One might assume that if "Alex" was helming a documentary about classic B-movie man Roger Corman, the filmmaker would be a he. But this is her feature film debut, after working on the likes of 'Just for Kicks,' 'The Assassination of Richard Nixon' and 'Beautiful Losers.'

For 'Corman's World: Exploits of a Hollywood Rebel,' Stapleton talks to a who's who of Hollywood and the indie world -- just check out this credits list -- to outline the iconic carnage and sexiness whipped up by famed indie filmmaker. ...not to mention the future icons who got their start with him, like Martin Scorsese and Ron Howard.

Athina Rachel Tsangari

Chew on this premise: A twenty-something girl, close with her dying, cancer-stricken father, is pretty sheltered. Her sexual prowess comes from practice sessions with her friend and the mammalian sexiness she's seen on Sir David Attenborough's animal programs, which she mimicks during random wild animal pantomimes.

On its own, 'Attenberg' might seem like a strange offering from Greece, but it's not so surprising when you know that she's one of the associate producers of last year's uber-strange tale of sexuality, 'Dogtooth.' Traversing the divide between loss and life, newcomer and star Ariane Labed won the Best Actress prize at Venice in 2010.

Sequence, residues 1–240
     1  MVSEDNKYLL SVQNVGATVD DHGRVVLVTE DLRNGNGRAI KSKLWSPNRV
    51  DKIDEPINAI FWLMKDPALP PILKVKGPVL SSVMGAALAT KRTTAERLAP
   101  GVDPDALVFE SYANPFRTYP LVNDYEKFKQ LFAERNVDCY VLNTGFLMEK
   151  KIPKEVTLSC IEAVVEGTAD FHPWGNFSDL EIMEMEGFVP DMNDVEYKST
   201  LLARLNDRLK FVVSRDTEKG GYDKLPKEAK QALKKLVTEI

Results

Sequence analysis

Though 10 have been highlighted, here are the other feature filmmakers at the fest, names you should definitely look out for:

Constance Marks: 'Being Elmo: A Puppeteer's Journey'
Amy Wendel: 'Benavides Born'
Liz Garbus: 'Bobby Fischer Against the World'
Cindy Meehl: 'Buck'
Iria Gomez Concheiro: 'The Cinema Hold Up'
Maryam Keshavarz: 'Circumstance'
Madeleine Olnek: 'Codependent Lesbian Space Alien Seeks Same'
Julia Ivanova: 'Family Portrait in Black and White'
Pamela Yates: 'Granito'
Anne Sewitsky: 'Happy, Happy'
Susan Saladoff: 'Hot Coffee'
Roberta Torre: 'Lost Kisses'
Alison Ellwood (w/ Alex Gibney): 'Magic Trip'
Megan Griffiths: 'The Off Hours'
Daniele Anastasion (w/ Eric Strauss): 'The Redemption of General Butt Naked'
Susanne Rostock: 'Sing Your Song'
Erica Dunton: 'to.get.her'
Lynn Hershman Leeson: '!Women Art Revolution'